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Hyundai: Development and Technology News

 
Old 08-14-2012, 12:39 PM
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Hyundai: RK Concept news

http://www.autoblog.com/2012/08/14/h...hter-for-2015/

According to Automotive News, Hyundai is working on a smaller rear-wheel-drive car aimed squarely at the BMW 3 Series. Reportedly dubbed "RK" internally, this new model will not launch until 2015 at the earliest, according to the report.

Details on this new entry-level performance sedan are slim, with Automotive News only reporting that the new model will use a version of the rear-wheel-drive platform that underpins the Genesis Coupe.

In other RWD Hyundai news, AN states that the larger Genesis sedan is still on track for a complete refresh, with the new model expected to arrive by the end of 2013 at the earliest as a 2014 model. As we've reported before, the next-generation Genesis will also likely benefit from optional all-wheel drive. Hyundai's Equus flagship is also scheduled to get a slight refresh in the near term, debuting next summer for the 2014 model year.
I hope this is true. BMW needs some more competition.
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Old 08-14-2012, 01:48 PM
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Hmmmm. That's really interesting. I wouldn't mind a sporty, mini Genesis sedan.
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Old 08-14-2012, 01:52 PM
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Originally Posted by mikeschicagoRL View Post
Hmmmm. That's really interesting. I wouldn't mind a sporty, mini Genesis sedan.
yea that would be nice. There are no "cheap" rwd sedans on the market
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Old 08-14-2012, 02:08 PM
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It shall be interesting to see how this progresses... I really like my R-spec and she'll have ~200K on her by the time the "RK" comes out.
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Old 08-16-2012, 01:01 PM
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^ Basically, the next gen "Genesis" coupe (will likely get a name change) will be going upscale and be partnered with the new RK sedan.
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Old 08-16-2012, 03:45 PM
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New DIS and infotainment from the sedan brethren is a given...
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Old 09-28-2012, 09:14 PM
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Hyundai uses cloud server to remotely check vehicle performance


Can the cloud play an important role in the detection and correction of quality and service issues from the instant a car leaves the assembly line and thereafter?

The onboard telematics systems, which are tied into the data buses that monitor and control all key systems on a car, may have more than just a cell phone chip to call a help center for road service. They also may include a modem through which the vehicle communicates with cloud servers.

In addition to infotainment and navigation, telematics already has been providing opportunities for monitoring the condition of a vehicle. But it’s been limited to just a few after-sale service functions, such as General Motors' OnStar with unlocking a car, slowing a stolen vehicle, and issuing vehicle “health reports” and basic trouble code descriptions. Now, other car makers are looking at a wider range of opportunities, although some pose challenges that first must be overcome—and not all are technical.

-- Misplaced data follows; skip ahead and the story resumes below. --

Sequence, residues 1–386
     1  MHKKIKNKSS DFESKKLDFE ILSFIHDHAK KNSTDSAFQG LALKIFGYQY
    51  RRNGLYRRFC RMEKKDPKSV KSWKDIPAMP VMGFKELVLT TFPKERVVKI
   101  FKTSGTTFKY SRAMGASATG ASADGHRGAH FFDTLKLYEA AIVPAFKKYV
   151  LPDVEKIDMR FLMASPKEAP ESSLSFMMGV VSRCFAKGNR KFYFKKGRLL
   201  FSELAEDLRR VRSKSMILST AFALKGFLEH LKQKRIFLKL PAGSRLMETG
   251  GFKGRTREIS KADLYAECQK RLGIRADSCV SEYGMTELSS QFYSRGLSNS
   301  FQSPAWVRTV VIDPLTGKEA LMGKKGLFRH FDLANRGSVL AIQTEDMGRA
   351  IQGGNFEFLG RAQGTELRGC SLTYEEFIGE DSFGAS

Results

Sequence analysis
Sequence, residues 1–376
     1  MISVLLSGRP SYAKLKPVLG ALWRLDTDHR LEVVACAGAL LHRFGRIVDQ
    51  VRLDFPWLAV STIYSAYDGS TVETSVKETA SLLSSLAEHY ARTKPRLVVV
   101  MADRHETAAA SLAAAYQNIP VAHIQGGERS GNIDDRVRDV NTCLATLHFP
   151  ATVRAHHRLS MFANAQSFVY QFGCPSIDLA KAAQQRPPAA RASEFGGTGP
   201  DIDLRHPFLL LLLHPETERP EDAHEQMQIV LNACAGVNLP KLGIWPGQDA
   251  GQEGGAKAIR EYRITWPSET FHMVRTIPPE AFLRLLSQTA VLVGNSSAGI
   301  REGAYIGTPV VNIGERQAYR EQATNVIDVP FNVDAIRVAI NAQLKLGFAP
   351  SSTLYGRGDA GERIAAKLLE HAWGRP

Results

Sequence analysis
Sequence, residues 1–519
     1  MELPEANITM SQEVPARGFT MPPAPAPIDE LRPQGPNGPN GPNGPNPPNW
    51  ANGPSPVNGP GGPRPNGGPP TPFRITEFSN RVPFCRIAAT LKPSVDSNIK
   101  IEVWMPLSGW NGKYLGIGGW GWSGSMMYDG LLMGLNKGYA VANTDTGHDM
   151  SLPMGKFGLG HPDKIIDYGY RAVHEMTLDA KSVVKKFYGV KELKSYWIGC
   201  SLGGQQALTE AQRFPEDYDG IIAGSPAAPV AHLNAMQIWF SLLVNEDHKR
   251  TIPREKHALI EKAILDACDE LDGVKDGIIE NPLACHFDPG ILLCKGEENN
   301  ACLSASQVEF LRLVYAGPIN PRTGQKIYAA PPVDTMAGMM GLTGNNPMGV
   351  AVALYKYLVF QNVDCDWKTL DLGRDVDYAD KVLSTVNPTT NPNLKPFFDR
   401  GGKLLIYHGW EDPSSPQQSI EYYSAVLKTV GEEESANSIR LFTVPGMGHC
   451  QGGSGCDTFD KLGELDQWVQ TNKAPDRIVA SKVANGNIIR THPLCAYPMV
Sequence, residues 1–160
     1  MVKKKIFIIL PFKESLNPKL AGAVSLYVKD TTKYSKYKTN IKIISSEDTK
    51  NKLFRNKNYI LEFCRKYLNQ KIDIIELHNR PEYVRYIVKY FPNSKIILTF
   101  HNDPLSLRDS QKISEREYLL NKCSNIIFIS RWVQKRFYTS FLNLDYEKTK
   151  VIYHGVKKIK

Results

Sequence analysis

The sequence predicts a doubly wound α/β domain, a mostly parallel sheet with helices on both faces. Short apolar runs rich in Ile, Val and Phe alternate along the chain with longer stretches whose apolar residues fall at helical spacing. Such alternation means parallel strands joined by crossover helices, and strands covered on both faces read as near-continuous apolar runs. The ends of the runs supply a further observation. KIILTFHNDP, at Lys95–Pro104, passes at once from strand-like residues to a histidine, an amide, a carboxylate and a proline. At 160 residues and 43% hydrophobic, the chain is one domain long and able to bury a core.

Hyundai may be the first company to use the telematics modem in its Blue Link system to begin the monitoring process from the instant the car comes off the assembly line and continue it until a customer has taken delivery. And even from that point, if the customer approves, there is the call center report on trouble codes, even a related data transmission to a cloud server for analysis, plus the stolen car slowdown for police pursuit.

The Hyundai system already has yielded results, and the company does see a number of appealing ways to move ahead, explained Erwin Raphael, Director of Product Quality and Service Engineering.

Customer privacy is an issue, and Nissan’s original attempts to monitor the Leaf in operation led to public objections that resulted in deactivation of the extensive vehicle monitoring system. So today, only if a Leaf customer signs an okay, will operational data even be collected, and then it goes only into an aggregating server to spot service issue trends, but without specific vehicle ID. However, Hyundai also has a server with aggregating software but saw some additional opportunities. It has identified where it wants to go in its next-generation system and is working to get around some present limits.
Early warning provided

When a car comes off a Hyundai assembly line, the modem is on, so if a failure has occurred that was not identified in the end-of-line (EOL) diagnostic check, or was triggered during transportation of the vehicle or while it’s in the dealer lot, the notice goes into Hyundai’s aggregating cloud server. This is one of the early-warning systems that Hyundai has put in place to further improve quality, explained Raphael.